Basic cliffs, scarps and tors
These cliffs, scarps, and tors occur inland on tuffaceous sandstones and mudstones, andesite, diorite, basalt, and gabbro. Plant species are tolerant either of shallow soils, full sunlight, and intermittent drought, or damp and shady crevices. They are either restricted to the low-competition environment of these habitats, or derived from the surrounding matrix and able to survive in the harsh conditions.
Mafic cliffs, scarps and tors.
Where do they occur?
Basic cliffs, scarps, and tors occur throughout the North Island and are especially prominent in Northland and the Coromandel Peninsula. In the South Island they occur on Banks Peninsula, the Otago Peninsula, and at scattered locations in western Southland, eastern Otago, south Canterbury, central Marlborough and NW Nelson.
Notable flora and fauna
Threatened and rare plants include nationally critical Lyttelton forget-me-not (Myosotis lytteltonensis), Puketi haresfoot fern (Davallia tasmanii subsp. cristata), Adam’s koromiko (Veronica adamsii), Maungarahu rock hebe (Veronica saxicola), pygmy button daisy (Leptinella nana), nationally endangered Bartlett’s koromiko (Veronica perbella), Coprosma waima and Olearia crebra, nationally vulnerable rock koromiko (Veronica bishopiana), Jersey fern (Anogramma leptophylla), the declining Veronica lavaudiana and the naturally uncommon blanket fern (Asplenium subglandulosum), Senecio glaucophyllus subsp. basinudus, Kowhai (Sophora fulvida), and the Banks Peninsula aniseed (Gingidia enysii var. peninsulare).
Threatened and rare fauna include the Canterbury gecko (Hoplodactylus aff. maculatus ‘Canterbury’), the spotted skink (Oligosoma lineoocellatum), the Banks Peninsula tree weta (Hemideina ricta; although it is likely that they only occupy refuges amongst rocks in situations where they face a shortage of refuges in trees or logs) and two narrowly distributed lichen-feeding beetles (Artystona wakefieldii and A. rugiceps).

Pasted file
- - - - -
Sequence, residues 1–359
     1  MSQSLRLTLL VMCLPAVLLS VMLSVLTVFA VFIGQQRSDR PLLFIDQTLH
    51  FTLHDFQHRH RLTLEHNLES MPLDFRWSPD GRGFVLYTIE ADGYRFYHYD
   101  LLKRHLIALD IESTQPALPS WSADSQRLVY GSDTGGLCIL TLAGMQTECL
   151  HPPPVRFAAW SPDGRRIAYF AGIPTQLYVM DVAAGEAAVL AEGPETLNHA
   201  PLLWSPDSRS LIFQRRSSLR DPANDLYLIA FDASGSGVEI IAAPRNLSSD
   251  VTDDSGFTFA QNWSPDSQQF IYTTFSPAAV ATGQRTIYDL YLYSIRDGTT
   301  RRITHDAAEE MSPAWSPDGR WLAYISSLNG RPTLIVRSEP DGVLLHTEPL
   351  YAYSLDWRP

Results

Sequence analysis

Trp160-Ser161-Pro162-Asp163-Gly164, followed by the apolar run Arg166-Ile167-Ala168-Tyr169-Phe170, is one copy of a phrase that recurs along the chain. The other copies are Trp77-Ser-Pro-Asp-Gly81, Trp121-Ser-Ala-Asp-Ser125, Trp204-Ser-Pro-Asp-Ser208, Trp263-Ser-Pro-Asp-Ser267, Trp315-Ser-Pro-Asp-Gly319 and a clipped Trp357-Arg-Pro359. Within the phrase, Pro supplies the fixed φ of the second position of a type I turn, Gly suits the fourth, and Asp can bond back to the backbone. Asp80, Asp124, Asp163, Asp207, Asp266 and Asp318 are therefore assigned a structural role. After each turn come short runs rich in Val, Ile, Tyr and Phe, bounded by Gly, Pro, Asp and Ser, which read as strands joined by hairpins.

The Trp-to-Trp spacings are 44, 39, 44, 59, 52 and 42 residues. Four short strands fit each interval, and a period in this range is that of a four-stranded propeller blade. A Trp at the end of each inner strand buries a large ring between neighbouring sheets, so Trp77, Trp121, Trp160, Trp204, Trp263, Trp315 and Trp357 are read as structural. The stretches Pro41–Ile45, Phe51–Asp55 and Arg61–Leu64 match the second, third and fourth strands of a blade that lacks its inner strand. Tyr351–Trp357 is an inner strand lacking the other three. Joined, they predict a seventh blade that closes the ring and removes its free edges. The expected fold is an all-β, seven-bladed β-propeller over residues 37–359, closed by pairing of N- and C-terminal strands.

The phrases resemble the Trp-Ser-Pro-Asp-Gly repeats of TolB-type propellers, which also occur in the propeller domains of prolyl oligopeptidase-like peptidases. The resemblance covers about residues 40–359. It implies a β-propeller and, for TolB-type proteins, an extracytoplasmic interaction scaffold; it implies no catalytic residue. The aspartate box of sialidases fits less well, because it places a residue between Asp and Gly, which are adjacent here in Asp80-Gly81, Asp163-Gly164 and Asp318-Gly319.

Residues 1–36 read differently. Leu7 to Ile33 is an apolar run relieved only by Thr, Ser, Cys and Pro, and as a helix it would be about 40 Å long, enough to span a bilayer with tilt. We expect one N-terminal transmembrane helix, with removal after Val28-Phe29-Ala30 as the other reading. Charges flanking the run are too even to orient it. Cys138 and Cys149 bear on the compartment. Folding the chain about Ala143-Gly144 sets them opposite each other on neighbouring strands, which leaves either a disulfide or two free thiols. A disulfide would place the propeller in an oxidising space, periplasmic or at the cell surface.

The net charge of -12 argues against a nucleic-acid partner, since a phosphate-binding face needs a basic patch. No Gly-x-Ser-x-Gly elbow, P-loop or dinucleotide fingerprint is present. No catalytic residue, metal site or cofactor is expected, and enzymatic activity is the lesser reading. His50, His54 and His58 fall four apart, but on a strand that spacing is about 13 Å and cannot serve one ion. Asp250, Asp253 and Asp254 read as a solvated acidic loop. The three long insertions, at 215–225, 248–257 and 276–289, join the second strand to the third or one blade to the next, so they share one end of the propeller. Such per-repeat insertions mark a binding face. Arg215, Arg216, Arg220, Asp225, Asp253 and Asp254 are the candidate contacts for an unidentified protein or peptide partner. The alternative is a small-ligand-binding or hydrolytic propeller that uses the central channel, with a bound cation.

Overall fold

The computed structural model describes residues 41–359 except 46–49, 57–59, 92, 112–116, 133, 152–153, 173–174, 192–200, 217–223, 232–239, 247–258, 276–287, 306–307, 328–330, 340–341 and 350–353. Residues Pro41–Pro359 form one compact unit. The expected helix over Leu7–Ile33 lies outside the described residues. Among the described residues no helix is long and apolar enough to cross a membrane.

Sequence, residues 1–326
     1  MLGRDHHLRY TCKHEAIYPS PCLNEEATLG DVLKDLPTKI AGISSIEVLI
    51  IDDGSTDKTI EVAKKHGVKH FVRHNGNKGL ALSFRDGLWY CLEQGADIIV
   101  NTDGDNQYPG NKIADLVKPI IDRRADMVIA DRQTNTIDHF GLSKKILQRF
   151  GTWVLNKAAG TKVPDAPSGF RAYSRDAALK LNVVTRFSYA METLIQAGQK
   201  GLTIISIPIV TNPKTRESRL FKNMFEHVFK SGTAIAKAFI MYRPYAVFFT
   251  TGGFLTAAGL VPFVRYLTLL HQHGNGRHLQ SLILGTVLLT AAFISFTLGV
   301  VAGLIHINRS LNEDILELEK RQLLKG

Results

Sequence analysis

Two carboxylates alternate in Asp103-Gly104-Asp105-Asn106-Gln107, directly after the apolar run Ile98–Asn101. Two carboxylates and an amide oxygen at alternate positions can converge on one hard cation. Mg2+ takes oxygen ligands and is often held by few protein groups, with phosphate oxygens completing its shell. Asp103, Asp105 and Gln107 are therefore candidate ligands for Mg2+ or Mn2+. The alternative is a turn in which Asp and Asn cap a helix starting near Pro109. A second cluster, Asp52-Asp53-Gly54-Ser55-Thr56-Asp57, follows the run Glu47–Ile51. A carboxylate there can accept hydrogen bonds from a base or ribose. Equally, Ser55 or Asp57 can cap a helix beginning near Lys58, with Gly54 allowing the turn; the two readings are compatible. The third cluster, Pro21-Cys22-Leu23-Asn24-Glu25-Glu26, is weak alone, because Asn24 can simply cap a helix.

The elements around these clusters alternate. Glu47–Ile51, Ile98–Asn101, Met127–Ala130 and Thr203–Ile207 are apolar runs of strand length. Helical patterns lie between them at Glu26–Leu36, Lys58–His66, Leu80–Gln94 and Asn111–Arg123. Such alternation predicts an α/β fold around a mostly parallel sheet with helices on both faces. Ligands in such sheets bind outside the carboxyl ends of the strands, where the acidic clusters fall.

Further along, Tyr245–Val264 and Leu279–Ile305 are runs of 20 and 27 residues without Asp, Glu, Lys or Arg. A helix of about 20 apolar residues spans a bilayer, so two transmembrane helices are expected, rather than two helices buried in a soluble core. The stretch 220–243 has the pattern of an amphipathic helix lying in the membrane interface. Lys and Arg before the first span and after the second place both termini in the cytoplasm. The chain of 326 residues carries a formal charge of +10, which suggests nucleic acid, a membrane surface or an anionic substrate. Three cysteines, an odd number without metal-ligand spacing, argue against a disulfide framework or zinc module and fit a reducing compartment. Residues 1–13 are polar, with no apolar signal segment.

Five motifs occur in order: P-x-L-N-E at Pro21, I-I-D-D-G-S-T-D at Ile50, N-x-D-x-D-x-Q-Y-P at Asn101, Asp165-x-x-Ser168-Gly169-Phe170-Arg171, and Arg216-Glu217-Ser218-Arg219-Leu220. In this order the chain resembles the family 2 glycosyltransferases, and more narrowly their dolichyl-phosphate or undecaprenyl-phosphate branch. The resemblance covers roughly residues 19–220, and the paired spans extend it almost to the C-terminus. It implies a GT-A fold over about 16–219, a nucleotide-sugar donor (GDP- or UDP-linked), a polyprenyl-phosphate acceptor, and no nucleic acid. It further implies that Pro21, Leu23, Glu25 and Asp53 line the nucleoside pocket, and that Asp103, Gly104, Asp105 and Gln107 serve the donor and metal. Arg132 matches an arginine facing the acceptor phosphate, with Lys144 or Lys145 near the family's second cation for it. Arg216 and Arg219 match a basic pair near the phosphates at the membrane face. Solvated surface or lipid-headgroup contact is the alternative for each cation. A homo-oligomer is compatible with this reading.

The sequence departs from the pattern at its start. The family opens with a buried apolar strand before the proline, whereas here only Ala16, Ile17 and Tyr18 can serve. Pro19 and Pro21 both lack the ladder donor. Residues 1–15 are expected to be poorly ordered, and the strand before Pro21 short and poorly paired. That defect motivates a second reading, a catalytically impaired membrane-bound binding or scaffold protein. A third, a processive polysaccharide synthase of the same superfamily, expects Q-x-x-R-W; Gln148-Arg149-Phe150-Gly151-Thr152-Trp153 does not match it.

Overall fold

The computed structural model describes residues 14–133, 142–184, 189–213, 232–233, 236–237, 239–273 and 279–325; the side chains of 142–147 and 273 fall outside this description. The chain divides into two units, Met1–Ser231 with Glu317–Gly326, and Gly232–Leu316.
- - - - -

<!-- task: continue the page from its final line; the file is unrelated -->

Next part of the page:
Vulnerable (Holdaway et al. 2012)
Weed invasion, especially by woody weeds, can be a serious problem as these species can out-compete existing native species and readily colonise available habitat as it arises, pre-empting establishment by native species. Some especially problematic woody weeds are gorse (Ulex europaeus), Scotch broom (Cytisus scoparius) and pines (Pinus spp.). Herbaceous weeds include pampas grass (Cortaderia selloana), common polypody (Polypodium vulgare), spur valerian (Centranthus ruber), pigs ear (Cotyledon orbiculata), fennel (Foeniculum vulgare), Mexican daisy (Erigeron karvinskianus) and wallflower (Cheiranthus cheiri). Invasive weeds are most serious where the cliffs, scarps and tors are near urban areas or embedded in an exotic matrix, especially in frost-free environments. Spray drift during weed control operations can destroy desirable native plants nearby. Browsing by goats or possums may be a serious threat. In dry, eastern areas, destruction of vegetation by fire can be an issue. Vegetation may also be damaged from recreational (mainly rockclimbing) overuse.
De Lange PJ 1998. Hebe perbella (Scrophulariaceae) - a new and threatened species from western Northland, North Island, New Zealand. New Zealand Journal of Botany 36: 399-406.
von Konrat MJ, Braggins JE, de Lange PJ 1999. Davallia (Pteridophyta) in New Zealand, including description of a new subspecies of D. tasmanii. New Zealand Journal of Botany 37: 579-593.
Wiser SK 2001. Montane rock outcrops: islands of biodiversity on Banks Peninsula. Canterbury Botanical Society Journal 35: 32-36.
Wiser SK, Buxton RP 2008. Context matters: matrix vegetation influences native and exotic species composition on habitat islands. Ecology 89: 380-391.
Wiser SK, Buxton RP 2009. Montane outcrop vegetation of Banks Peninsula, South Island, New Zealand. New Zealand Journal of Ecology 33: 164-176.
The war on pests: Dealing to key pest plants and animals that threaten native species (see MODULE 2: Rocky outcrops – hotspots of native biological diversity). Banks Peninsula Conservation Trust and Environment Canterbury